The Kings have a modern arena, a front office, a coaching staff, no more concerns about a certain volatile center, and on Thursday evening, two more chances to get this right.
They can’t blow this, can they?
Stay stubborn, stay young.
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For the first time in franchise history – and after years of futility and ill-advised personnel moves – the Kings have two lottery picks in Thursday’s 4 p.m. NBA draft and a chance to at least halt the decades-long downward skid. Though the annual talent grab doesn’t feature a prospect the caliber of LeBron James or Kevin Durant, not one that has been identified, anyway, the Class of 2017 is widely regarded among the deepest drafts in several summers.
Barring a last-minute, too-tempting development, general manager Vlade Divac’s plan is to retain the Nos. 5 and 10 picks and select the best available player.
“Our needs are point guard and small forward, but you have to be open to all possibilities,” he said, referencing his multiple moves during the previous draft. “If you look at our roster now, obviously, we have big guys and shooting guards. We’ll see what happens during the draft and use free agency to balance out the team.”
But remember that “no man is an island concept?” Well, grab a towel and find a shade tree. Things nonetheless figure to get hot and crazy Thursday. While most mock drafts have the Kings selecting Kentucky point guard De’Aaron Fox and Gonzaga power forward Zach Collins, in that order, recent trade activity (and front office upheaval) hints at a more unpredictable draft than usual.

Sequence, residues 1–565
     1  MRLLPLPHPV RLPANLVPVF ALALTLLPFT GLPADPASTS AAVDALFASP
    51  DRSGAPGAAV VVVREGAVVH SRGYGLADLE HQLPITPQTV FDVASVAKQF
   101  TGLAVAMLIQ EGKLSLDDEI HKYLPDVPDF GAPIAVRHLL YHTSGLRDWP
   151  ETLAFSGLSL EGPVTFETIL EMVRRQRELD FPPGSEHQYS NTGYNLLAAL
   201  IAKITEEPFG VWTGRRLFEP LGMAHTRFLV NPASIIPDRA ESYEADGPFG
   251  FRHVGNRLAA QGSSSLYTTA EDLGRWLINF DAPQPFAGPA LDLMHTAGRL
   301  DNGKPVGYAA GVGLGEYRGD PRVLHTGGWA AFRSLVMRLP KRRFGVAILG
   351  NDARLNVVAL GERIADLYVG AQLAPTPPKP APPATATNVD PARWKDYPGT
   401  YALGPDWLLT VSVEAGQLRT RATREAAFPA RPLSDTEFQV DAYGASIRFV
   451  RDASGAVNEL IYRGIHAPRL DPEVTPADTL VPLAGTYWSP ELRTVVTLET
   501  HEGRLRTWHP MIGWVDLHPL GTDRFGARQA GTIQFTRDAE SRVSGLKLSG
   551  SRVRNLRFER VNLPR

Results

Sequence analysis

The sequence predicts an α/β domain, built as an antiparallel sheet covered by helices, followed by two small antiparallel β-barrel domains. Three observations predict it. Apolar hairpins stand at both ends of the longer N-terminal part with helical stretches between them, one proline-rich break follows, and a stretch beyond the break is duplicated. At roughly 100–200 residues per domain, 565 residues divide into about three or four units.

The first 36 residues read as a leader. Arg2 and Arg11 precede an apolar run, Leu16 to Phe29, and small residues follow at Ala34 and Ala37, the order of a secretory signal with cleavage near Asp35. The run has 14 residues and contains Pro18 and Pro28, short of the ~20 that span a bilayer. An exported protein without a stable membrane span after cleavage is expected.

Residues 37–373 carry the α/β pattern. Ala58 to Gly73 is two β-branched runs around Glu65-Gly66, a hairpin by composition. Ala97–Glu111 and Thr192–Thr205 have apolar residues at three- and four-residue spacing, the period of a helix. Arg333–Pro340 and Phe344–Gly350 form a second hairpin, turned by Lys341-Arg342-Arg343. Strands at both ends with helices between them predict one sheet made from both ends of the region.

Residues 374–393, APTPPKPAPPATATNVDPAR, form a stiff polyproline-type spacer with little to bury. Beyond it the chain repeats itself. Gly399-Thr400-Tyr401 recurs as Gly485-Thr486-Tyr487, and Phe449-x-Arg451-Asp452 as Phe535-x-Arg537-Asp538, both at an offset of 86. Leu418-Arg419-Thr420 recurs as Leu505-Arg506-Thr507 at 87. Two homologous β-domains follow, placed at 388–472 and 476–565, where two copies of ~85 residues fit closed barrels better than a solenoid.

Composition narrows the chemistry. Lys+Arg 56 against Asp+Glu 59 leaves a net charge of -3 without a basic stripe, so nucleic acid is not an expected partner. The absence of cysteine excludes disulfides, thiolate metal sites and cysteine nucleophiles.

With Philadelphia trading up to No. 1 for Markelle Fultz and the Lakers expected to draft UCLA’s Lonzo Ball at No. 2, the next picks by Boston and Phoenix are expected to come from a group that includes Fox and small forwards Jayson Tatum and Josh Jackson.
The Kings would be delighted with either Jackson or Fox. Jackson is a supreme athlete who impressed team officials here last week, while Fox is blur of a point guard who never lost an interview. Divac also likes North Carolina State point guard Dennis Smith, though probably not among his top five.
But again, be mindful of the already frenetic nature of this summer’s event. Within the past few weeks the following developments have occurred: Magic Johnson and Rob Pelinka took over the Lakers’ front office; Golden State Warriors adviser Jerry West left for a similar position with the Clippers; Cleveland Cavaliers GM David Griffin, who assembled the squad that captured the 2016 NBA championship, resigned after repeated failed attempts to secure a contract extension.
The pre-draft chatter also has included the trades of D’Angelo Russell, Brook Lopez and Dwight Howard, and increasing speculation about the futures of Kevin Love, Kristaps Porzingis, Kyrie Irving, Paul George and Jimmy Butler.
For the league’s 30 GMs, part of prepping for the 2017 draft and free agency means setting up for 2018, when George and James, among others, can enter the market.
“People always forget that there is more to building a team than the draft,” West reminded during the NBA Finals. “How many high first-round picks are successful? Go back and look. Just go back and look. Signing the right free agents and making the right trades are just as important.”
And by the way: The Kings are being mentioned in trade rumors and free agency posturing (Paul Millsap) for obvious reasons. Their roster purge (Anthony Tolliver, Langston Galloway, Ben McLemore and likely Arron Afflalo) leaves them well below the projected salary cap mandates for 2017-18.
But that doesn’t preclude sticking with a youth movement. Along with the two first-rounders and a second-round pick (34), the Kings expect Serbian guard Bogdan Bogdanovic to exercise his $850,000 buyout with Fenerbahce in Turkey and to begin negotiating a free agent contract on July 1.
Divac opted for a complete reboot when he traded DeMarcus Cousins at midseason. It starts in earnest Thursday.